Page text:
Driven by research that shows consumers value ethical and sustainable suppliers, Nestle has revealed plans to double spending over the next decade to around US $787m.
The money will be invested into making their supply chain transparent as far back as groups of farmers. The plan is to achieve this goal by 2025, and then by 2050 to add a Net-zero carbon emission status.
It was not clear how they planned to achieve this, and how much reliance will be put on purchasing carbon credits for offsetting – a measure not considered as environmentally positive as taking actual steps to reduce the real carbon footprint involved in production.
Nestle is following other coffee companies like Olam’s ‘Coffee Lens’, who have already published detailed plans on their sustainability approach, and follows Solidaridad’s recent Coffee Barometer report that is critical of traders and roasters environmental track record.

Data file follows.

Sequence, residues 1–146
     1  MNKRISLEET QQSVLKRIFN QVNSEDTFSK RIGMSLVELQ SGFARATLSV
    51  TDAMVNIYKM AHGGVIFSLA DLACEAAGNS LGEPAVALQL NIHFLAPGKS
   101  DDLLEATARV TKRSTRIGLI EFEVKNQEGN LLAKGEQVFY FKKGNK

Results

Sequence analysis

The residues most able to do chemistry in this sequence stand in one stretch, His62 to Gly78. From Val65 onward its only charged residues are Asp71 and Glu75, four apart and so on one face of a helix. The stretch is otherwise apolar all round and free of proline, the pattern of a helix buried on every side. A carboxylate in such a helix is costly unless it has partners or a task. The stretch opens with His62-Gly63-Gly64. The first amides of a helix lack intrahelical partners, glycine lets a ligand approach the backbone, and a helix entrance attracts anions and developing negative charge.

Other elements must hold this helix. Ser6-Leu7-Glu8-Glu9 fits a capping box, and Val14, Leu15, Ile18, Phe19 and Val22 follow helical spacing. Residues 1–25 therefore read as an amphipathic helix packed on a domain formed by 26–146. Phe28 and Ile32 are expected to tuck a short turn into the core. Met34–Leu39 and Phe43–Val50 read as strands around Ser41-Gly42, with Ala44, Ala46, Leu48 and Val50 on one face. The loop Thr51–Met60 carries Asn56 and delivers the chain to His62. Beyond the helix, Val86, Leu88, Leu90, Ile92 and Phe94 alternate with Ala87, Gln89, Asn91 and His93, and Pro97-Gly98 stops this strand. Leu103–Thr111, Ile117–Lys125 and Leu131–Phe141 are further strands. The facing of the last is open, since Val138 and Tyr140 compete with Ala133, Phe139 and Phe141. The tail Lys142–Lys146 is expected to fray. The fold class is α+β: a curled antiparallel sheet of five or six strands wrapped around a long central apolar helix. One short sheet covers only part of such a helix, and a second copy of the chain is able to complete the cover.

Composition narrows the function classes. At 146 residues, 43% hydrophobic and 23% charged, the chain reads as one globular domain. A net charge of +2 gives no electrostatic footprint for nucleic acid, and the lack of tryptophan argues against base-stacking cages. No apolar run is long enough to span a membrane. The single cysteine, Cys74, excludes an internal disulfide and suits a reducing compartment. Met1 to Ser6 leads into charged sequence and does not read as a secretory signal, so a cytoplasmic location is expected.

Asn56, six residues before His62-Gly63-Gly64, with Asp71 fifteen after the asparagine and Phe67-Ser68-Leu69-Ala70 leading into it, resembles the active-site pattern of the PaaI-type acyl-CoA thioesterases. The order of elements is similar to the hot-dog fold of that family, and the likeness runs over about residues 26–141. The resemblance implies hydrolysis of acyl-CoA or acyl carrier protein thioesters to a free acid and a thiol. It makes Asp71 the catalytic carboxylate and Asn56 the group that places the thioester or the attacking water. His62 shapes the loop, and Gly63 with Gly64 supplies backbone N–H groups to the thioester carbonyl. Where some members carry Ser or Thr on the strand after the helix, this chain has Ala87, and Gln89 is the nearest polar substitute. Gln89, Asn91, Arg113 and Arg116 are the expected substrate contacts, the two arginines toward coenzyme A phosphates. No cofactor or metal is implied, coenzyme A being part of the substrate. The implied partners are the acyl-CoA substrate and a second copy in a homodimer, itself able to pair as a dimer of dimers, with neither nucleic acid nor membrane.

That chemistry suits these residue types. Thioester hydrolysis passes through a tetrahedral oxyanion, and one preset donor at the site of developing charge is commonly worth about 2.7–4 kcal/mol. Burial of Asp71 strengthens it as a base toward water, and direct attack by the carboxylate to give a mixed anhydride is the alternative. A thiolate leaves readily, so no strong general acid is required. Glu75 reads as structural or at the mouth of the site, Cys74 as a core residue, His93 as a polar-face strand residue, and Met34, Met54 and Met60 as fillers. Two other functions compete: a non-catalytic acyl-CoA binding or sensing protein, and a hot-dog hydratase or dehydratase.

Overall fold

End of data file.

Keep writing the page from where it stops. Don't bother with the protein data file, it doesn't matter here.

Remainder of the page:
The program “means a doubling down of our efforts focusing on the three priorities of improving farmer incomes, cutting carbon emissions and moving to recyclable or reusable packaging. Philipp Navratil, head of the beverages strategic business unit at Nestle,
Although the details of the plan are not yet available, it’s understood to fall into the following categories:
- Tracing suppliers to groups of farmers
- Rewarding sustainable growers with premiums
- Recycling efforts
- Cutting carbon emissions
- Setting up monitoring and auditing functions
- Recording the metrics and communicating the results